And I was calming myself down - looked out the window to make sure Cujo wasn't going to attack me again, then called dispatch on the radio --- 711 - dispatch.
              Nobody answered.
              Called a couple more times, nobody answered.
              I remembered I had turned my radio way down, so I turned it back up to its normal position.
              "711 - dispatch" -- still, nobody answered.
              (they were, indeed, answering, but I couldn't hear)

              Another patrol vehicle pulled up behind me, and a fellow officer came running up, then stopped suddenly when he saw Cujo, stepped around his body, and asked if I was OK.
              I could see the officer's mouth moving, but all I could hear was this high pitched ring.
              I hadn't had time to put in ear plugs, and discharging a .357 magnum SIX TIMES directly in front of your face and ears has a remarkable affect on one's hearing.

              Cujo weight 195 lbs, and at that time, was bigger than me!

              I discovered it takes about 3 days for the "ringing" and "deafness" to go away completely. (Though my wife disputes "completely")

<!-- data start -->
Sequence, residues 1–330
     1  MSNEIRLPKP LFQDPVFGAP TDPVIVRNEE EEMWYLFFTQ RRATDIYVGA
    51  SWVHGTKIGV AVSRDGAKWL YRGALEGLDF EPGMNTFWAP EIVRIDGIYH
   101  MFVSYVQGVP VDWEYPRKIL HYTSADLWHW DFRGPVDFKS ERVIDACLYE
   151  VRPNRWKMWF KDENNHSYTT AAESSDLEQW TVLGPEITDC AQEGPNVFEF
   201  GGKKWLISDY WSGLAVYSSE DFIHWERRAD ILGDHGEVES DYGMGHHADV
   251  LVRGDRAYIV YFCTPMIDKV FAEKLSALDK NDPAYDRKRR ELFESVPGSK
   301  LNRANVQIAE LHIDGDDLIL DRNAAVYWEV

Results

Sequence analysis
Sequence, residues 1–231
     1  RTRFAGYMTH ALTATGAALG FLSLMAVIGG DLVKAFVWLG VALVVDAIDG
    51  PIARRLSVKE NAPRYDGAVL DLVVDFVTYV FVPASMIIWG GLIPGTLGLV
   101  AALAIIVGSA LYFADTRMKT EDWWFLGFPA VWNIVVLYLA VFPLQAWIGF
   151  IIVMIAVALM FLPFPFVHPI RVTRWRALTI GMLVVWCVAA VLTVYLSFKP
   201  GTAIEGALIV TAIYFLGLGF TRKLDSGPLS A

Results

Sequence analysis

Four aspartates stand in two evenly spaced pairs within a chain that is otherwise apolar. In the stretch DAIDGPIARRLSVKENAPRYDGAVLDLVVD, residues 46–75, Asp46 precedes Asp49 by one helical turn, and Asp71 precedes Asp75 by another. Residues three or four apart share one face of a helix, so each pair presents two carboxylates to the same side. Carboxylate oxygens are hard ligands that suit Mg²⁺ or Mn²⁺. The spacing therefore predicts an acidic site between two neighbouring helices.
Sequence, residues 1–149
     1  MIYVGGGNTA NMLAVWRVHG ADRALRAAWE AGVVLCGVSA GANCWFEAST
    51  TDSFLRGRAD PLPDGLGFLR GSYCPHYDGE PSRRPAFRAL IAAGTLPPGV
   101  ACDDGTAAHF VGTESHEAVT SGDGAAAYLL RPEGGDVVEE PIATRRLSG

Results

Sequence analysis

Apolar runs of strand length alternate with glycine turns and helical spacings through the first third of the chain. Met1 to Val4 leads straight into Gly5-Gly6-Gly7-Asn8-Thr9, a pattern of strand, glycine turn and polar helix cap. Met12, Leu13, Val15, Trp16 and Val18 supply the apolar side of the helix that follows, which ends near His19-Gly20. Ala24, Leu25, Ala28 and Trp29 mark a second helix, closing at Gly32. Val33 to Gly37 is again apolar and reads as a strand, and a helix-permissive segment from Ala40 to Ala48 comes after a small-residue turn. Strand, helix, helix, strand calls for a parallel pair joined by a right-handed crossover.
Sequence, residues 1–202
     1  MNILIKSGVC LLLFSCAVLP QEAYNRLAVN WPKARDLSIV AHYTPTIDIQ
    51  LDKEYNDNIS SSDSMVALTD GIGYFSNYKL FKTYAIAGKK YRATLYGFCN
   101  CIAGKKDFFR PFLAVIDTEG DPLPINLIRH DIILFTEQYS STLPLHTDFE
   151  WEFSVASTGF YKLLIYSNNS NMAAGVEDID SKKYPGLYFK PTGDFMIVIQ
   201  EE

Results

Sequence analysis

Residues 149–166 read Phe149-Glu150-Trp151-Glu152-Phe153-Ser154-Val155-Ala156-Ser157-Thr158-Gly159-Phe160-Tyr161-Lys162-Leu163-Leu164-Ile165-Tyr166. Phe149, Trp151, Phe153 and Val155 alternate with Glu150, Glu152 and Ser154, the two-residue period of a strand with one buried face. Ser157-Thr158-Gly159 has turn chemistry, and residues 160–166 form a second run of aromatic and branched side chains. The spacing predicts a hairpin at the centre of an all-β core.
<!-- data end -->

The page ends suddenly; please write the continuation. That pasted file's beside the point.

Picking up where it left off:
The first to state his case seems right until another comes and cross-examines him.

              Comment


              • #52
                Originally posted by Cow Poke View Post
                Cujo on the Loose. (Cujo was not the dog's real name, but it works!)

                Yeah, that's how he was described - a big vicious attack dog like Stephen King's CUJO!

                Several neighbors along the creek had claimed they had seen him, and at night, they said you could hear him howl.

                The park along the creek was one of the places Cujo was reported to have been seen, so one night, things otherwise pretty quiet, I decided to drive down to the park and see if I could find Cujo.

                I parked my patrol vehicle up on the gravel parking lot overlooking the creek, "went dark" (turned off all exterior and interior lights) and turned my radio down so I could barely hear it.